SHORTEN: Well, let's go to this issue of renewable energy and there's a range of points. What I'm going to do is explain to people why we think increasing - having a goal of increasing renewable energy as part of our energy mix is important.
Our weather is getting more extreme and unpredictable. We are seeing more weather records being broken almost on a weekly basis in Australia. We can't go business as usual. Our view about energy in the future is that we need a mix of fossil fuels and renewables -
LANE: Again, that was a point that was well made during the election campaign last year. How much will it cost?
SHORTEN: In terms of how we get to renewable energy, we think there's a range of levers which assist from having an emissions intensive scheme and the energy intensity scheme in the energy industry, having a market trading scheme and an emissions trading scheme, looking at the rate of land clearing. I think the technology in solar power for example is also something which is pretty fertile ground for further investment.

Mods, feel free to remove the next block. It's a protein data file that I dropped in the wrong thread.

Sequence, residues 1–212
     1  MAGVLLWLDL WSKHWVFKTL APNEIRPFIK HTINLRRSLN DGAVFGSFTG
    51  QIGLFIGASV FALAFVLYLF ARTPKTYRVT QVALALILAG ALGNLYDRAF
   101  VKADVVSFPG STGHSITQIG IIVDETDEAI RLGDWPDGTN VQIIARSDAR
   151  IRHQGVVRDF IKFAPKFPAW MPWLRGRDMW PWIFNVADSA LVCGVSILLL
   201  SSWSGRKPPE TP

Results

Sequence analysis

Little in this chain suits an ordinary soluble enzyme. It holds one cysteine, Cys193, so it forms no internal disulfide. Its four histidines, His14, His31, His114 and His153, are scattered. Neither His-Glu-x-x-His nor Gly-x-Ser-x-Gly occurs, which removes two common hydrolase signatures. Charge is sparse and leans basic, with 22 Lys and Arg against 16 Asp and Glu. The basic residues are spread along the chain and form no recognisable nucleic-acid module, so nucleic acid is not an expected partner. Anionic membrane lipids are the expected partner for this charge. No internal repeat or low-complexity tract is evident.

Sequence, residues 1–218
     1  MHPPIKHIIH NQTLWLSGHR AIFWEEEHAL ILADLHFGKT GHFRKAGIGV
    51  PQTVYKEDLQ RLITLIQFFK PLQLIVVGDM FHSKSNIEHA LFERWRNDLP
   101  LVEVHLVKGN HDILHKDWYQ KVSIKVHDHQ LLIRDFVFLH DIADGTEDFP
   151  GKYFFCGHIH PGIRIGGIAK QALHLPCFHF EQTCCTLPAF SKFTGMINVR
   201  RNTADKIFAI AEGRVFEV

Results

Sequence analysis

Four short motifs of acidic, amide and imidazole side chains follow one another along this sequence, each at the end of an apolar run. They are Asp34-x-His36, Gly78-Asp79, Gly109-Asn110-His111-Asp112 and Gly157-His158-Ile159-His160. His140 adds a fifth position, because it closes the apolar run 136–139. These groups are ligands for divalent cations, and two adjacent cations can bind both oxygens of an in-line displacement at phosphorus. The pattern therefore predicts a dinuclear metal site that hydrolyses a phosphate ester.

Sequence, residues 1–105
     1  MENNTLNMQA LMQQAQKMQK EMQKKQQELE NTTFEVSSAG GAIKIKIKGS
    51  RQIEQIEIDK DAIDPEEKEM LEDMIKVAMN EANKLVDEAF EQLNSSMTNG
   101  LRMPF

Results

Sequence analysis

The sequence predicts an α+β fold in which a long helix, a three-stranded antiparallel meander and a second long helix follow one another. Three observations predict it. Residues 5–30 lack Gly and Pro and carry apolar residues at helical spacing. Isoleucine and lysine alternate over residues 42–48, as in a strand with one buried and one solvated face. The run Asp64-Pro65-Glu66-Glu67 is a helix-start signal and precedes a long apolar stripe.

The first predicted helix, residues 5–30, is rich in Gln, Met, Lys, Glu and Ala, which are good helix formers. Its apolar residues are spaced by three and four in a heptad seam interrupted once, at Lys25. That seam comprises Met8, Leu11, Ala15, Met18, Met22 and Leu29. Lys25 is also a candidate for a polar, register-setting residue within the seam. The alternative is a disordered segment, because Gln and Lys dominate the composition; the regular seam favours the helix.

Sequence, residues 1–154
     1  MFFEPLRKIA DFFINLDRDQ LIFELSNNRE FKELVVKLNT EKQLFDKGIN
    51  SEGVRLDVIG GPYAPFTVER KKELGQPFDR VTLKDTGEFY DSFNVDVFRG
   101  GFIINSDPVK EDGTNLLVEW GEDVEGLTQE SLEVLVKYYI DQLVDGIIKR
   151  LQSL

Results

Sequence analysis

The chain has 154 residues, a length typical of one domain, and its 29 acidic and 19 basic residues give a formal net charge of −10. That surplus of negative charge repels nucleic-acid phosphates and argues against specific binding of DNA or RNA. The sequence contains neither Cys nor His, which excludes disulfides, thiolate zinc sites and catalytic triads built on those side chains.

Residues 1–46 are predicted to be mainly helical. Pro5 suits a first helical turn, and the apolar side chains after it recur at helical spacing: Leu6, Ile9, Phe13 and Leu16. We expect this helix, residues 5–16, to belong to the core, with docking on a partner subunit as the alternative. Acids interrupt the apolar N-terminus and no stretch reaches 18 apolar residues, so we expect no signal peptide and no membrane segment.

For me the answer to the question about cost is that there is a cost in not acting. When I look at the spread of solar -
LANE: Consumers are entitled to know how much it will cost them?
SHORTEN: Well, consumers are already voting with their feet with the expansion of solar panels.
LANE: And they're entitled to know how much a 50 per cent, you know, a 50 per cent target will cost them?
SHORTEN: Well, our answer is very, very straightforward. We think the cost of not acting is far greater. We don't think we could sustain the cost as the Liberals are saying, of building new coal fired power generation on the scale which Mr Turnbull is saying, and we don't think that from insurance to drought to extreme weather events, that we can simply go business as usual.
LANE: Mr Shorten, we're out of time. Thank you very much for joining us this morning.
SHORTEN: Great to chat, cheers.